Climate change–induced pressures

2016

Our climate is changing. Climate records, such as for rainfall and temperature, continue to be broken—for example, widespread record December temperatures across 4 states in south-eastern Australia in December 2015, Australia’s warmest October on record in 2015, Australia’s warmest spring on record in 2014, Australia’s warmest September on record in 2013, temperature records set in every state and territory in January 2013, record high temperatures in November in 3 states in 2012, and Australia’s wettest 2-year period on record in 2010 and 2011 (BoM 2012a,b, 2013a,b, 2014, 2015, 2016).

Although these may be statistically interesting, of much greater significance is the impact that extreme weather conditions have on the land and the wider environment. For millennia, Australia’s climate has been characterised by huge seasonal variability (Moros et al. 2009, Stuut et al. 2014). Our landforms are shaped by extremes, and many species are adapted to infrequent and unpredictable boom times. However, the pressures exerted by climate change are likely to change both the distribution and abundance of native and exotic species, and these biological impacts, together with the effects of flood, drought and other weather patterns, will progressively change Australian landscapes. It is worth noting that the effects of climate change are felt most disproportionately by large landholders (through scale) and low socio-economic groups (through lack of capacity to respond)—Indigenous people, especially across the north of Australia, are in both these categories.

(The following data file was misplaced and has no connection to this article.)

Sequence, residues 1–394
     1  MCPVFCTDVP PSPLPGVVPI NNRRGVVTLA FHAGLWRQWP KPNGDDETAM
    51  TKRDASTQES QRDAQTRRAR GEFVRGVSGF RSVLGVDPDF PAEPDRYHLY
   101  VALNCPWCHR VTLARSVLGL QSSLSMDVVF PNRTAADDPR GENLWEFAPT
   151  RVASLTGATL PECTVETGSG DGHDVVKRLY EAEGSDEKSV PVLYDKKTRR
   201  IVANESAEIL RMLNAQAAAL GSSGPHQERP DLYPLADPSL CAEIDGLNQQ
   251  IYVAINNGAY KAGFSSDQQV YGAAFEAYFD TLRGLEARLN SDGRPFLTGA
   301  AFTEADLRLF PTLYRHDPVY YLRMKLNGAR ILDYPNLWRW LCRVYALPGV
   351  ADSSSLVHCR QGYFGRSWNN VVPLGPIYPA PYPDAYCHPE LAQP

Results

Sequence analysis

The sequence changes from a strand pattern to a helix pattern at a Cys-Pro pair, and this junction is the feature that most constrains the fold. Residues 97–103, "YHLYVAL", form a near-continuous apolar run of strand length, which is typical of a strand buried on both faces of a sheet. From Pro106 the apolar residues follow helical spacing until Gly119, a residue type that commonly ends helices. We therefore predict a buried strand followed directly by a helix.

We are also increasing our understanding of the impacts of climate change on soils—for example, decreases in soil organic carbon are predicted as a result of increased rainfall variability (Forouzangohar et al. 2016).